Police forces across the UK are launching a national effort to bring down the number of uninsured drivers on the roads.
Starting today (October 26) and running until November 1, ‘Operation Drive Insured’ will see all of the UK’s 43 police forces bring an increased presence to the country’s roads in order to detect and seize uninsured cars.
The operation is being conducted in partnership with the National Roads Policing Operations, Intelligence and Investigation (NRPOII) committee in order to bring a much-escalated enforcement presence on the UK’s roads.
Commander Kyle Gordon, Head of NRPOII, said: “Many people will see uninsured driving as a victimless crime at best, or as only impacting on the profits of large insurance companies at worst. This is not the case.
“We know from our work in roads policing that uninsured drivers are statistically significantly more likely to cause a death or injury on the road, which too often sadly brings devastation to victims, families and communities up and down the country. They are also frequently involved in wider road crime.”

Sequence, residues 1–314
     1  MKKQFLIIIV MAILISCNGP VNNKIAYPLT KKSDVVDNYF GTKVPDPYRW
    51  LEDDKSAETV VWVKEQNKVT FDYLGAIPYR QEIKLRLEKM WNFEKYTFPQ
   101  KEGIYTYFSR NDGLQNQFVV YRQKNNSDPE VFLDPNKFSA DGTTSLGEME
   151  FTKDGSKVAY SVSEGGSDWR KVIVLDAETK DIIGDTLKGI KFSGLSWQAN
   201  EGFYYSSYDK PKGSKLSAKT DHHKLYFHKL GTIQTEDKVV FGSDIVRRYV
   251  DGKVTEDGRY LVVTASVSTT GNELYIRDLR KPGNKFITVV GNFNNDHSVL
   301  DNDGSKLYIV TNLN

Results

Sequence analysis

According to the Motor Insurers’ Bureau (MIB), 130 people are killed and 26,000 left injured in collisions caused by uninsured and untraced drivers.
Evidence from MIB has also shown that drivers without insurance are more likely to commit ‘hit and run’ offences, as well as be involved in other crimes.
However, MIB claims data has shown that the number of claims for compensation from victims of uninsured drivers has fallen by 26% since 2016, though the financial hardship being experienced by many as a result of the coronavirus pandemic has caused concerns that more people could be breaking the law by driving without insurance in order to save money.
Anna Fleming, chief operating officer at MIB, said: “We’ve made great strides in getting more people to drive insured in recent years, but the sad reality is with Covid-19 putting so many people under financial strain, uninsured driving levels could creep up. Everyone suffers the consequences of uninsured driving. We’re fully committed to our partnership with the police so we can get as many people as possible to drive insured to make roads safer and fairer for everyone.”
Motorists found to be driving without insurance face having their vehicle seized and potentially crushed, as well as being hit by a £300 fixed penalty notice and six licence points.
If escalated, they can be referred to court where they could face an unlimited fine and a ban from driving. Uninsured convictions can also show up on Disclosure and Barring Service (DBS) checks which can affect future employment.